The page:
Custom Ford Fenders.
Stock 32 Ford fenders are large and sometimes get in the way
of that "hot rod" look, especially if it's a roadster. Roadsters
just look more like a roadster should when they have open wheels. The downside
is that open wheels tend to pick up an throw whatever they roll over, be
it water or rocks. No fenders can be a hassle in the rain or even dangerous
if they pick up rocks and debris.
On this project we are going to split the difference. The
traditional fenders are out--to be replaced by custom made motorcycle-type
fenders. The first step was to buid a "buck" to form the metal
on. The buck radius is made slightly larger (about an inch), larger than
the tire/wheel radius. This way the fender will hug the tire and do its
job while maintaining an open wheel look. The ribs on the buck are shaped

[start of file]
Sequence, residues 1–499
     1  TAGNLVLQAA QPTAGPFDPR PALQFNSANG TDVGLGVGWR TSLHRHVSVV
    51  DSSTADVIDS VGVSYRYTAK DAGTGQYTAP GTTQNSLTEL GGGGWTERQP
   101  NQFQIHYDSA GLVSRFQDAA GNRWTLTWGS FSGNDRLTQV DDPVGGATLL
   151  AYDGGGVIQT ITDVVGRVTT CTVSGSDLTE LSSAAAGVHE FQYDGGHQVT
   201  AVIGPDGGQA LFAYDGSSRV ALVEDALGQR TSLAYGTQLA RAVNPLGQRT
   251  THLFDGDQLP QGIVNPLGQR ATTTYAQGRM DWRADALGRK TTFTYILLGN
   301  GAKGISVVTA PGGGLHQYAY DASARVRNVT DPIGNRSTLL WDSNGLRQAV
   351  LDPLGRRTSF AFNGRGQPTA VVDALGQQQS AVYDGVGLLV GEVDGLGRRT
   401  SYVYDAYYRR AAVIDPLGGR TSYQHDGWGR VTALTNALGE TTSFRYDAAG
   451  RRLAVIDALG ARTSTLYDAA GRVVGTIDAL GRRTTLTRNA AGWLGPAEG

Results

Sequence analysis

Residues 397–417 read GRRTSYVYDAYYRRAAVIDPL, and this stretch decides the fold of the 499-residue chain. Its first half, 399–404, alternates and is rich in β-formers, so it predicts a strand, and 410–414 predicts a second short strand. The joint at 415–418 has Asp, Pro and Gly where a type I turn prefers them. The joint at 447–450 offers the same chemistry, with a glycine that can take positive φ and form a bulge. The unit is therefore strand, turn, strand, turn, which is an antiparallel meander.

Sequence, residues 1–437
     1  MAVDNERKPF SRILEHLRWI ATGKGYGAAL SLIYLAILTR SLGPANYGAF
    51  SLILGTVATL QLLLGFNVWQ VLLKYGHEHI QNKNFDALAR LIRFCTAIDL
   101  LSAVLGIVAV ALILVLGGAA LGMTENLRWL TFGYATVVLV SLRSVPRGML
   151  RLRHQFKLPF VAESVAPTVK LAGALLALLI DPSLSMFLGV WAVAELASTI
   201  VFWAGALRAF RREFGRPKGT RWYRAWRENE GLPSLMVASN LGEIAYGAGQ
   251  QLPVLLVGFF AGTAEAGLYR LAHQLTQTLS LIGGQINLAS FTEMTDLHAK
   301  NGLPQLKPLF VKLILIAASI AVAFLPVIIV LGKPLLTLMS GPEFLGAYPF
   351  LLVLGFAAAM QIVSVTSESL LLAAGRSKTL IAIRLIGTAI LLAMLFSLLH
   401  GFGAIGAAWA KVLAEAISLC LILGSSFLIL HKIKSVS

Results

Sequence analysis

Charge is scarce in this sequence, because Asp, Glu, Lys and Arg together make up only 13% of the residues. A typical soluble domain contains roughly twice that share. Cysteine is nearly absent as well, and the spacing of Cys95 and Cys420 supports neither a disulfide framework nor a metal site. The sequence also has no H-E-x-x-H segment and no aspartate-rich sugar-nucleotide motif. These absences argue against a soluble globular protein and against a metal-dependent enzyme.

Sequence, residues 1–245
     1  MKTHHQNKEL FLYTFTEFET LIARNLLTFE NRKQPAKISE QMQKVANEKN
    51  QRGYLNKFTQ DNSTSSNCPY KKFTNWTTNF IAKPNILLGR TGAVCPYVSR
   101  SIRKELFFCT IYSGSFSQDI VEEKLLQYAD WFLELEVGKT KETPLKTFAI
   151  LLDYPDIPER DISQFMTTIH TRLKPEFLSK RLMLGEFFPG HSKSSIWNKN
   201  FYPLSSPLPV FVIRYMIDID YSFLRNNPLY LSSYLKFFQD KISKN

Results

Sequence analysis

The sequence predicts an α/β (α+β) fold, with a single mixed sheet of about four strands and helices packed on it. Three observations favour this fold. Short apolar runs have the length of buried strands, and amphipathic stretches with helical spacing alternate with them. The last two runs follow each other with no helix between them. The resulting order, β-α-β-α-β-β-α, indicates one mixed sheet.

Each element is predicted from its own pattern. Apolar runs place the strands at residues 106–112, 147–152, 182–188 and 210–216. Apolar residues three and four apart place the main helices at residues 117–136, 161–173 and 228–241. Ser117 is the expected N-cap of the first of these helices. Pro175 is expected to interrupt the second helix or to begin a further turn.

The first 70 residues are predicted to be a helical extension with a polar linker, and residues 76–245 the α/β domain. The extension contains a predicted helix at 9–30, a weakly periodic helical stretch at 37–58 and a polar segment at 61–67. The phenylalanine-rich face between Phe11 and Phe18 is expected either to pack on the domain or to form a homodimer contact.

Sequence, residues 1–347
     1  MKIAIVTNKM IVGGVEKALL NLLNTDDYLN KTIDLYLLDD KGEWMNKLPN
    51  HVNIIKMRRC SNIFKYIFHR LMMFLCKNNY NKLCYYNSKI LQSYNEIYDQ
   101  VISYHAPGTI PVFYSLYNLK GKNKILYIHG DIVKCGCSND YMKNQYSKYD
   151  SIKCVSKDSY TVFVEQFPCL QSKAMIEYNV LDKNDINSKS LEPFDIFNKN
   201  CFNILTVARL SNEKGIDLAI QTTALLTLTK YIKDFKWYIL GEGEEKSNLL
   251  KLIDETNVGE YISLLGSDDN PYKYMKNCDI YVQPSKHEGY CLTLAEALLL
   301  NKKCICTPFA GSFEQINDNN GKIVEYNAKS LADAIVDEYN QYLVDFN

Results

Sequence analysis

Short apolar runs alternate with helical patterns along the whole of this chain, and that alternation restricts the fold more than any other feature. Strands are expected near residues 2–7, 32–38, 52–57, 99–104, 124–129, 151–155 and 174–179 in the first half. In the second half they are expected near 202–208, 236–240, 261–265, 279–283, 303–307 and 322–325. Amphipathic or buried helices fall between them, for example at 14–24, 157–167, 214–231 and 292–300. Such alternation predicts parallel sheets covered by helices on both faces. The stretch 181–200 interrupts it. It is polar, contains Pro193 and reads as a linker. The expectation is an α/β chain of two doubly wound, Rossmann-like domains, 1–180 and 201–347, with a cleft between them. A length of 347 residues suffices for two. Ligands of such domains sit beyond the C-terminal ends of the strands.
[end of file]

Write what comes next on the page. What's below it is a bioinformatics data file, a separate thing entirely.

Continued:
so they are slightly wider than the tire and rounded so the fender lip will
contour itself over the sides.
After working out the proper radius on the fenders, an edge
roller is used to ... roll the edges.
Adam checks his work on the buck and after some fine tuning
checks it on the tire.
Satisfied that the radius and edges are right, Adam adds the
lips to the fenders
Up front, the fenders will be attached to the brake backing
plate. In the rear they will attach to the axle housing.
Hot Rods & Custom Stuff, 2324 Auto Park Way, Escondido, CA.,
Hot Rods & Custom Stuff - builds, restores, paints, services
and sells parts for classic autos, cars, trucks and street rods.